Trinidad and Tobago's fifth President will be elected on February 15 and some of the top candidates in the race, according to sources, are House Speaker Wade Mark, former head of British Petroleum (BPTT) Robert Riley and political analyst Dr Hamid Ghany.
Communications Minister Jamal Mohammed, at yesterday's post-Cabinet news conference at the Office of the Prime Minister, St Clair, announced that a meeting of the electoral college will be convened on February 15—three days after Carnival—for the election of a new President to replace George Maxwell Richards.
Sources told the Express that Mark, Riley and Ghany, as well as Senate President Timothy Hamel-Smith and Chief Justice Ivor Archie, were being considered.
Contacted by phone, Mark declined comment on the matter but said that he remains in charge under sections 26 to 33 of the Constitution to convene a meeting of the electoral college and preside as chairman.
The Express understands that should Mark be selected, the deputy Speaker of the House will probably preside over the electoral process.
Efforts to contact the other candidates proved futile.
Mohammed outlined the process yesterday, saying that the Constitution provides that there shall be an electoral college for the purpose of the election of a President comprising members of the Senate and the House of Representatives.
The electoral college, he said, is convened by the House Speaker and its procedure is governed by the electoral college regulation 1976 made under section 28:04 of the Constitution.
He said in accordance with section 26:04 of the Constitution, which provides that an election for President shall be held not more than 60 days nor less than 30 days before the expiration of the term of that office, an election for President must be held no sooner than January 17, 2013 and no later than February 18, 2013.
The Speaker of the House, said Mohammed, is responsible for conducting the elections for President.
An announcement of the date for election must be made by the Speaker in the Gazette not less than 21 days or more than 30 days in advance of the selected date, he added.
In addition, the Speaker is required to inform members by letter of the meeting of the electoral college.
"The Speaker has recommended to the Prime Minister and Cabinet has duly noted that Friday February 15, 2013, is the date selected by the Speaker of the House for the convening of a meeting of the electoral college for the purpose of the election of a President of the Republic of Trinidad and Tobago. In the circumstances and in accordance with section 30 of the Constitution the deadline date for nominations is Tuesday February 5, 2013," said Mohammed.
When questioned, Mohammed said there had not yet been any discussions by Cabinet on nominees.
"I am confident that it will be discussed at the level of the Cabinet, it will be premature of me to suggest any name or names at this time, I know for sure it will be discussed at the Cabinet," he said.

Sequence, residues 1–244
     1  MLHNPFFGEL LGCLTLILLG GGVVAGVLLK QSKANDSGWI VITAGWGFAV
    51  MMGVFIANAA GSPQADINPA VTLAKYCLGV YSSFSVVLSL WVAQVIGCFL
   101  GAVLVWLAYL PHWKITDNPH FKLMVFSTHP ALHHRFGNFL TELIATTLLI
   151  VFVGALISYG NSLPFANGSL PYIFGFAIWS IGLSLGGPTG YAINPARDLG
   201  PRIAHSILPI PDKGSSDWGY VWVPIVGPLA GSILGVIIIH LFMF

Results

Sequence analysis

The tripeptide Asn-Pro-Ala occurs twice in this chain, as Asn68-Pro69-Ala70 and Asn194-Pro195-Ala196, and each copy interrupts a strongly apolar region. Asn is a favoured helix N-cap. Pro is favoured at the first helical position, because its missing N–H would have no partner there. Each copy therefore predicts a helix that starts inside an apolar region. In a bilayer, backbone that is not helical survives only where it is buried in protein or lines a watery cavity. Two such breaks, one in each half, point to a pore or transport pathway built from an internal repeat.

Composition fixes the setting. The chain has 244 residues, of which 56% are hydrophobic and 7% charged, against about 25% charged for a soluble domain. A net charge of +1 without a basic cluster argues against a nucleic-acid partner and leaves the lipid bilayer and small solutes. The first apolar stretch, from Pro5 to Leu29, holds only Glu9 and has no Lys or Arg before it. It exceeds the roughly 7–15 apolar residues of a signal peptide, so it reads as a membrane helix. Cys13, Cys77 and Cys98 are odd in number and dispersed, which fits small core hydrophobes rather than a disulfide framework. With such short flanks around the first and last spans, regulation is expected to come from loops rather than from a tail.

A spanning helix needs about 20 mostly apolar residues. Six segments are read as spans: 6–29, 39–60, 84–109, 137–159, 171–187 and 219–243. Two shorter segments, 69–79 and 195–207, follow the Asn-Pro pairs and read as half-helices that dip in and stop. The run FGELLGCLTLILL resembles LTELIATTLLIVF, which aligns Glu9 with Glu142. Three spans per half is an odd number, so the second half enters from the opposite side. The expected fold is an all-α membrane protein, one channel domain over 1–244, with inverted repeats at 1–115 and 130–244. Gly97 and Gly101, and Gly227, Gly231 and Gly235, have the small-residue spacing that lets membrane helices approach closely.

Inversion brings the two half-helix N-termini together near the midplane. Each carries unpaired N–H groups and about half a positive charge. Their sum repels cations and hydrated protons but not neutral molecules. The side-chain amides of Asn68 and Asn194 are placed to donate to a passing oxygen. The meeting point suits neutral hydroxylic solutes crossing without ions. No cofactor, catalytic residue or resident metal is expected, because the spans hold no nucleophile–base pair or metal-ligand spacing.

Former head of the Public Service Reginald Dumas told the Express that Mark is a good candidate, but he would prefer to see a person whom is elected based on consensus between the Government and Opposition.
"Wade is my friend, I would have to answer yes, I think he has conducted himself well as Speaker...I don't know of any scandal attached to him...I would have no problem in principle with Wade," said Dumas.
He said that the system by which the President is elected leads to problems down the road.
Dumas pointed out the electoral college comprises members of the Lower and Upper House--which means that a nominee is elected based on a simple Government majority.
"The Government has chosen the person and the person is expected to do the bidding of the Government.
"You can have a genuinely independent person but he is tagged in his tail and is expected to do the Government's bidding," he added.
Reform of the Constitution, said Dumas, is needed, which will provide a different method for electing a President.
In the absence of constitution reform, Dumas said: "I would like to see a consensus candidate emerge from discussions between the Government and the Opposition rather than a person who is seen as a Government stooge and I don't see why it shouldn't be done between now and February 15.
"I prefer now to see a woman as President, I think we've had enough men...I suspect that my desire will get nowhere at all and it will be another man."
T&T's first president under the Republican constitution was Sir Ellis Clarke, who served from September 24, 1976 to March 19, 1987
He was followed by president Noor Hassanali, who served from March 20, 1987 to March 17, 1997
Arthur Napoleon Raymond Robinson became this country's third president, serving from March 18, 1997 to March 16, 2003.
Richards is the fourth President who was elected in 2003 and has been serving to date.